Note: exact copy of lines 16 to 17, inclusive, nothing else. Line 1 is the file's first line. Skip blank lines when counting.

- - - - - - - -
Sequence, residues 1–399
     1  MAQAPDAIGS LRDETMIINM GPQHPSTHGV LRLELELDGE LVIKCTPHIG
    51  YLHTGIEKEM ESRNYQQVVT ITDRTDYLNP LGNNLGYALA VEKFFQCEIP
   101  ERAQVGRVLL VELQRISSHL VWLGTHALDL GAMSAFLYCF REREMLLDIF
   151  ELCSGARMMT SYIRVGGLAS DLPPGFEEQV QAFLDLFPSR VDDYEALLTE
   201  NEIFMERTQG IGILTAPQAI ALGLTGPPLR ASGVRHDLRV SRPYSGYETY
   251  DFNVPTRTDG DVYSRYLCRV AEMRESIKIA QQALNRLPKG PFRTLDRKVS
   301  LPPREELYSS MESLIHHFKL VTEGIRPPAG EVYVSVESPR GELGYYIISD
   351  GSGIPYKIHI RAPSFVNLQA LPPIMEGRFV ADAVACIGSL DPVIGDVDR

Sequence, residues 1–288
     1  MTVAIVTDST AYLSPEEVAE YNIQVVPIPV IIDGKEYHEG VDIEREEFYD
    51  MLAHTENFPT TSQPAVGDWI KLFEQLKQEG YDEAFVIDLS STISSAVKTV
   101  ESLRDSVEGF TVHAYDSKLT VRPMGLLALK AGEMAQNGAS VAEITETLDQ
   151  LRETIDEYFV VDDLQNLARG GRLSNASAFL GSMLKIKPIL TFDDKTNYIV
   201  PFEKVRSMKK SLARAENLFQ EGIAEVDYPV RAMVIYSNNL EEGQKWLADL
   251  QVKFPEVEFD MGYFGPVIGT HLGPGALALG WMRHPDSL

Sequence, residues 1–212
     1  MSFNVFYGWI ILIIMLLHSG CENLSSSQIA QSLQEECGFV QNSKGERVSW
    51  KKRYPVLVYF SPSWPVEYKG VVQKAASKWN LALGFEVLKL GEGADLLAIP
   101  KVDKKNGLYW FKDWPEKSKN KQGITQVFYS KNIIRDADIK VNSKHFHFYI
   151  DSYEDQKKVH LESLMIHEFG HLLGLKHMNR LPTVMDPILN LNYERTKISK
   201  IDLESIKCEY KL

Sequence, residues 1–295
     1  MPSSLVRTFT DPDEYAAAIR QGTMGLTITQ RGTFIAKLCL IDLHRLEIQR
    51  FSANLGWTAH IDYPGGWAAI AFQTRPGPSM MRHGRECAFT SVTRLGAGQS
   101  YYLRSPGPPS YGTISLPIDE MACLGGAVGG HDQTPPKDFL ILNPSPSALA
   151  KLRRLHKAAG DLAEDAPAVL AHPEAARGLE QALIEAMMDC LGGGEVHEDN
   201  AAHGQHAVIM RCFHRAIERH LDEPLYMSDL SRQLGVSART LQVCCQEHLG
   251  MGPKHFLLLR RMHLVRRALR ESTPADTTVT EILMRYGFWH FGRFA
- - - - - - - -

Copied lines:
   251  QVKFPEVEFD MGYFGPVIGT HLGPGALALG WMRHPDSL

Sequence, residues 1–212